[Tweeters] Port Angeles to Sequim Breeding Bird Survey results
bboek at olympus.net
Sun Jun 26 19:47:06 PDT 2016
This morning (6/26/16) I ran the Port Angeles to Sequim Breeding Bird Survey, with my wife Barb assisting. It was an exceptional morning to be out counting birds. Barb grumbled a little about having to wake up so early (the route starts at 4:41 am, a half hour before sunrise), but by the end she was very happy, wanting to help out again next year. Happy wife, happy life!
Breeding Bird Surveys cover a 25 mile route with 50 stops spaced a half mile apart, coordinated by USGS. The same exact stops are counted every year. This route has run every year since 1970 except for one year (1983), so quite a history. It covers mostly fragmented forests, agricultural fields, and residential habitats north of Hwy 101, from Port Angeles across the Dungeness Valley, grazing the eastern edge of Sequim to Sequim Bay, then south of Hwy 101 to end up on Palo Alto Rd.
The top ten most abundant species on the route this year (number counted) were Eur. Starling (119), Am. Robin (114), Violet-green Swallow (94), Am. Goldfinch (76), Crow (72), Eurasian Collared-Dove (60), White-crowned Sparrow (60), Savannah Sparrow (54), Double-crested Cormorant (flyover flock of 47), and Song Sparrow (43).
The top ten most widespread species this year were Am. Robin (recorded at 43 stops), Violet-green Swallow (33 stops), Eur. Collared Dove (30 stops), Am. Goldfinch (28 stops), Crow (26 stops), Song Sparrow (23 stops), Spotted Towhee (20 stops), Savannah Sparrow (18 stops), Barn Swallow (15 stops), and Eur. Starling (14 stops).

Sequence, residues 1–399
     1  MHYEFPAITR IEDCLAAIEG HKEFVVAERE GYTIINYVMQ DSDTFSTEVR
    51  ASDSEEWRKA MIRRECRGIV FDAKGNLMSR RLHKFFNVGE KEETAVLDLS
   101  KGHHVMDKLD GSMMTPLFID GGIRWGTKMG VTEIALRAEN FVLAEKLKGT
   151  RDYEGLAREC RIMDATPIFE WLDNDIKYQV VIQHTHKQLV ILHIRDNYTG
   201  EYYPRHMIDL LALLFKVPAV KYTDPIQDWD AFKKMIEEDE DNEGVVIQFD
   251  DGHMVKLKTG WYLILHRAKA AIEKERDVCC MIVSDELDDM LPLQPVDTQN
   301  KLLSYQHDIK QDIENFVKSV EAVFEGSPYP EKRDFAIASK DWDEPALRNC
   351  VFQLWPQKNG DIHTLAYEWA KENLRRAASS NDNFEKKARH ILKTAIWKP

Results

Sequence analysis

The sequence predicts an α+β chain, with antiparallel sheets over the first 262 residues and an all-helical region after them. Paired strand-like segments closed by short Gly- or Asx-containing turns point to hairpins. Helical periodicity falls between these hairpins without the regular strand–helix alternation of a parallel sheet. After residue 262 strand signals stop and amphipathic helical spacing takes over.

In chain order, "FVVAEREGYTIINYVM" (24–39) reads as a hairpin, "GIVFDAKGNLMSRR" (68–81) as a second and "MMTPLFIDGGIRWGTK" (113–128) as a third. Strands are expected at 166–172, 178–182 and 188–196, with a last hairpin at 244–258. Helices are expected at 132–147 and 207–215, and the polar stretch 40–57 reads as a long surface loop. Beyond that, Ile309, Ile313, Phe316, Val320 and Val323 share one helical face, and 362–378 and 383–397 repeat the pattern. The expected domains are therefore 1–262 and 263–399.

Collared-Doves continue to be the avifauna story of the decade for this route. Even though this species was first recorded in Clallam County in 2004, I first recorded it on these Breeding Bird Surveys in 2009 with 4 birds at 2 stops. It now seems firmly entrenched as one of the most abundant and widespread species in the north Olympic Peninsula lowlands.
In total there were 1232 individual birds of 71 species. After entering the data and comparing them with last year, it is eerie how consistent some species may be from year to year. For example, this year we recorded 13 Pacific-slope Flycatchers at 11 stops. Last year in June 2015 we recorded exactly the same number of PS Flycatchers at exactly the same number of stops. And they weren’t all the same stops! This year we recorded 72 crows at 26 stops, and in 2015 we recorded 71 crows at 25 stops. This year we recorded 54 Savannah Sparrows at 18 stops, and last year we recorded 47 Savannah Sparrows at 18 stops. This year we recorded 15 Swainson’s Thrushes at 12 stops, and last year we recorded 18 Swainson’s Thrushes at 12 stops. Of course this shows how habitats that change little between years may encourage stable bird populations, and there are many exceptions as well, but it is still quite remarkable. A couple species that have become more prevalent around here recently are House Wren and Yellow Warbler.
It is also particularly interesting how quiet Steller’s Jays get during the nesting season. On this survey I only recorded one jay, and over the last 10 years the highest jay count was only 5. The one jay this morning was scolding a Red-tailed Hawk, otherwise we would not have recorded any. It is amazing how this species can be so in-your-face for much of the year, then essentially shuts up and disappears during the nesting season. They are out there, lurking...
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